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Taber wins Skalak award for third time, makes history

Larry Taber, the Dennis and Barbara Kessler Professor of Biomedical Engineering at Washington University in St. Louis, and four co-authors received the 2015 Richard Skalak Award for the best paper published in 2014 in the Journal of Biomechanical Engineering.

Larry Taber

He is the only award recipient to have won the award three times in the 25 times it has been given. Taber also received the award in 2004 and 2007.

The late George Zahalak former professor of mechanical engineering, won the award in 1991 and 1999.

The paper, titled "Bending of the looping heart: Differential growth revisited" was published in the August 2014 issue of the Journal of Biomechanical Engineering. Taber's co-authors were Yunfei Shi, PhD, who earned a doctorate in biomedical engineering in the School of Engineering & Applied Science at WashU in 2014; Jiang Yao, PhD, biomechanics application specialist at Dassault Systemès Simulia Corp.; Gang Xu, DSc, who earned master's and doctoral degrees in biomedical engineering from WashU and is now an assistant professor of engineering and physics at the University of Central Oklahoma; and Elliot Elson, PhD, the Alumni Endowed Professor in Biochemistry and Molecular Biophysics at Washington University School of Medicine.

The group's paper focuses on cardiac looping, as the primitive heart tube deforms into a c-shaped tube in early embryos. The mechanism that causes the heart tube to bend had remained poorly understood despite nearly a century of study. Taber and his team conducted experiments with embryonic chick hearts and developed cylindrical computational models to simulate the bending process in isolated hearts. They then developed another model based on realistic 3-D geometry reconstructed from images of a chick heart. Their study found that differential hypertrophic growth in the myocardium is the primary cause of the bending component of looping, with other mechanisms possibly playing lesser roles.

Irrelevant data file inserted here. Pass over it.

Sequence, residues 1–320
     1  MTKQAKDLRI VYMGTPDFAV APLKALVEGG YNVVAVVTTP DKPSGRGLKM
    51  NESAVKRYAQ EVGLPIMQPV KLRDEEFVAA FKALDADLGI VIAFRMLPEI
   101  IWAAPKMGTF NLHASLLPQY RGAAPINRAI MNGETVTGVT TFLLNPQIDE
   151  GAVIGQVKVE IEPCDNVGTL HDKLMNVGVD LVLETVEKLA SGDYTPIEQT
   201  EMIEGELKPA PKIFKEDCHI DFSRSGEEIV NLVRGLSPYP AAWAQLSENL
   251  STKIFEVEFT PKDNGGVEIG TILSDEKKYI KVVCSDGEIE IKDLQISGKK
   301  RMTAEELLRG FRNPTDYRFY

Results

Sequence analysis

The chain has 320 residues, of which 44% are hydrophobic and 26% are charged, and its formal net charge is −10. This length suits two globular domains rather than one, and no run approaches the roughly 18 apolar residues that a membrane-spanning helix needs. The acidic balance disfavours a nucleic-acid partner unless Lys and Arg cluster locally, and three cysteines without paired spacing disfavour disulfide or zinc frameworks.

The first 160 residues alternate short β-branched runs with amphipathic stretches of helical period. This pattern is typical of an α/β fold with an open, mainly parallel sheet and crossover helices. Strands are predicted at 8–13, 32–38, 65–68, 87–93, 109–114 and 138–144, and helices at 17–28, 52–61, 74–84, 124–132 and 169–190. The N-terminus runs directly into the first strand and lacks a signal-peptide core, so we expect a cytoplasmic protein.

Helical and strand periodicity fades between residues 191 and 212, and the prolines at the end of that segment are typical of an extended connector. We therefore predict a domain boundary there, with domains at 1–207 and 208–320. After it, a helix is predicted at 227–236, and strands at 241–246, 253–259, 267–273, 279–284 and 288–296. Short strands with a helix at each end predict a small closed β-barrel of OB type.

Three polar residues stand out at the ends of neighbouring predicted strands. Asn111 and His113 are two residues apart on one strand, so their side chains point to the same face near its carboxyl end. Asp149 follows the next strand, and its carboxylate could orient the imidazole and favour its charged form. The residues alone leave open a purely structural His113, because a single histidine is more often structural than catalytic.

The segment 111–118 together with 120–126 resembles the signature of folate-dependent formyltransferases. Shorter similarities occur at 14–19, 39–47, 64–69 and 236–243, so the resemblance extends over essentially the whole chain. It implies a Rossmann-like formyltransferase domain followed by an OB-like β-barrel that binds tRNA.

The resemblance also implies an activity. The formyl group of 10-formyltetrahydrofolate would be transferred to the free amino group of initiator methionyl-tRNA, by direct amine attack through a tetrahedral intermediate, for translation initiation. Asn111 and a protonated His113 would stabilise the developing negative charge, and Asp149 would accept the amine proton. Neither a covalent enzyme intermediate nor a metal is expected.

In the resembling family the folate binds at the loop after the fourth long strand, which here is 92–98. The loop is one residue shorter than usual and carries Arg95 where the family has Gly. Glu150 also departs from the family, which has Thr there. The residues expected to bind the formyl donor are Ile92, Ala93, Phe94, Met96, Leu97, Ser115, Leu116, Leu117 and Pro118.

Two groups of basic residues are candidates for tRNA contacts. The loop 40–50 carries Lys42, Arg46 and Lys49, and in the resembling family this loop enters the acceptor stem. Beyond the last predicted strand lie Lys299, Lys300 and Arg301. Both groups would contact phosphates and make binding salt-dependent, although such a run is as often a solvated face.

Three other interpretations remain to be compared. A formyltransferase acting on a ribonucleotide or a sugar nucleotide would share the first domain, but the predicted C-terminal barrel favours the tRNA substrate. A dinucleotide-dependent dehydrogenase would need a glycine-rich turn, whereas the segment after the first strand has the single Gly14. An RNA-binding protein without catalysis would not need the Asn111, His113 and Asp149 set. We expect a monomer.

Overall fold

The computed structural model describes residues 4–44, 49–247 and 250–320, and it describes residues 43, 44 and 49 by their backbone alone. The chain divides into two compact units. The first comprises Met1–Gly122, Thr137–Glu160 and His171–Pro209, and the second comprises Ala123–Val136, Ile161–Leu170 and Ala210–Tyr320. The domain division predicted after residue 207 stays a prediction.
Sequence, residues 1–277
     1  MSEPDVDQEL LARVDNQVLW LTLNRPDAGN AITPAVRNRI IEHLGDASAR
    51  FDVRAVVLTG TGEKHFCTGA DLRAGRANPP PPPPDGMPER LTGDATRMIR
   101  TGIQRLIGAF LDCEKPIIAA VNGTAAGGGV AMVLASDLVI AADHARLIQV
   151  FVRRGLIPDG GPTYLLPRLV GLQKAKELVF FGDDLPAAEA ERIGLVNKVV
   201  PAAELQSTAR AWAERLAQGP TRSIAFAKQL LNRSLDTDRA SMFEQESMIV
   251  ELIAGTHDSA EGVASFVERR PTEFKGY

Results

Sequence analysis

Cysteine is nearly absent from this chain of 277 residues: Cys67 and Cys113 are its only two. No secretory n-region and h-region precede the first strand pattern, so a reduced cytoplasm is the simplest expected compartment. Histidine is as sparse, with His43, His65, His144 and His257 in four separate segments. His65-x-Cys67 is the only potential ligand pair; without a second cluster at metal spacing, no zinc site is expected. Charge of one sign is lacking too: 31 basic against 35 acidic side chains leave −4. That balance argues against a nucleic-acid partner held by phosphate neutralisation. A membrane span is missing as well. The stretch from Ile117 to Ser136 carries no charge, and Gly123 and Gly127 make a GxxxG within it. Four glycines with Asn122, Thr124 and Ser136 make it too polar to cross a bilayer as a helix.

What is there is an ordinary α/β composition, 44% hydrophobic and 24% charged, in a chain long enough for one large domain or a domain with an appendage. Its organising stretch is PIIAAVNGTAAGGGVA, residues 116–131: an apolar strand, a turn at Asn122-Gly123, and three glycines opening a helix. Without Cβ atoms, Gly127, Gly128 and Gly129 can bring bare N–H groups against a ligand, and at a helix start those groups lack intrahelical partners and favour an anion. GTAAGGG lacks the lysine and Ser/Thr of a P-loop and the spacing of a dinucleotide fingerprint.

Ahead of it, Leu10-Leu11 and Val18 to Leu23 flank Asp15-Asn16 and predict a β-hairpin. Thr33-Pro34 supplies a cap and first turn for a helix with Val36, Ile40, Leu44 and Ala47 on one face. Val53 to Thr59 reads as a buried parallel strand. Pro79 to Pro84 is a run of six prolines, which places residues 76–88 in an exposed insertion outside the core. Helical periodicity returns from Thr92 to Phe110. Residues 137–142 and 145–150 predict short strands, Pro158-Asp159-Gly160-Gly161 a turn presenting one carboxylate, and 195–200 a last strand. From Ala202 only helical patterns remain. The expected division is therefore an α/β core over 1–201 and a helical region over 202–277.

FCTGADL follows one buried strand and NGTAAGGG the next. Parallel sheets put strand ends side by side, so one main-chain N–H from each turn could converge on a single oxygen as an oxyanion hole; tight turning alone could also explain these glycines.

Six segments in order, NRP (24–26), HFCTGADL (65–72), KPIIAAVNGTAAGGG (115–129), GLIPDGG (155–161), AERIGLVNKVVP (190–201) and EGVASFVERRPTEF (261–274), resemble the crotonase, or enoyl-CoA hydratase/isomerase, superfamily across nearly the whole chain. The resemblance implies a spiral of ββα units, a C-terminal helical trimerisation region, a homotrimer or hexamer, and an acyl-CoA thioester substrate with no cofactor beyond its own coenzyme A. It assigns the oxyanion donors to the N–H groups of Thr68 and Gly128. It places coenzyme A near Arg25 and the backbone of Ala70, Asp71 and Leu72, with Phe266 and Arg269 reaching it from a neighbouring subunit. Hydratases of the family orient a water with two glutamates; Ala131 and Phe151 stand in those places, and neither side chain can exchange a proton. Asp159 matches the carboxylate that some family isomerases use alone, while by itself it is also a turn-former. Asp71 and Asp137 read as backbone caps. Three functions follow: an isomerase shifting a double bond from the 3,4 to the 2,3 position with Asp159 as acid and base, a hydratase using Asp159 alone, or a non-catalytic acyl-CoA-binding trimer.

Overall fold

The 2013 Richard Skalak Award went to a paper by a WashU team titled "Elastic Characterization of Transversely Isotropic Soft Materials by Dynamic Shear and Asymmetric Indentation." Co-authors were Ravi Namani, a former postdoctoral research associate at WashU; Nithya Jesuraj, PhD, who earned master's and doctoral degrees in biomedical engineering at WashU; Guy M. Genin, professor of mechanical engineering; Philip V. Bayly, the Lilyan and E. Lisle Hughes Professor of Mechanical Engineering; Shelly E. Sakiyama-Elbert, professor of biomedical engineering; Yuan Feng, who earned a doctorate in mechanical engineering at WashU in 2012; and Ruth J. Okamoto, senior research associate in mechanical engineering.

The 2005 Richard Skalak Award went to a paper by a WashU team titled "Effect of combined cyclic stretch and fluid shear stress on endothelial cell morphological responses." Co-authors were Tomas Owatverot, DSc, who earned a doctorate in biomedical engineering at WashU in 2002; Sara Oswald, who earned bachelor's and master's degrees from WashU in mechanical engineering and is now staff research associate in biomedical engineering; Yong Chen, PhD, who earned a master's and a doctorate in biomedical engineering at WashU; Jeremiah J. Wille, who earned a doctorate in biomedical engineering at WashU in 2006; and Frank Yin, PhD, the Stephen F. and Camilla T. Brauer Distinguished Professor of Biomedical Engineering and former chair of the department.

The Richard Skalak Award is named after an early leader within the American Society of Mechanical Engineers Bioengineering community. Skalak (1923–1997) played a leadership role in the formative decades of the discipline of biomedical engineering through his technical contributions in biomechanics, his educational influence on students, and his service to many developing societies and journals.


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The mechanism that causes the heart tube to bend had remained poorly understood despite nearly a century of study.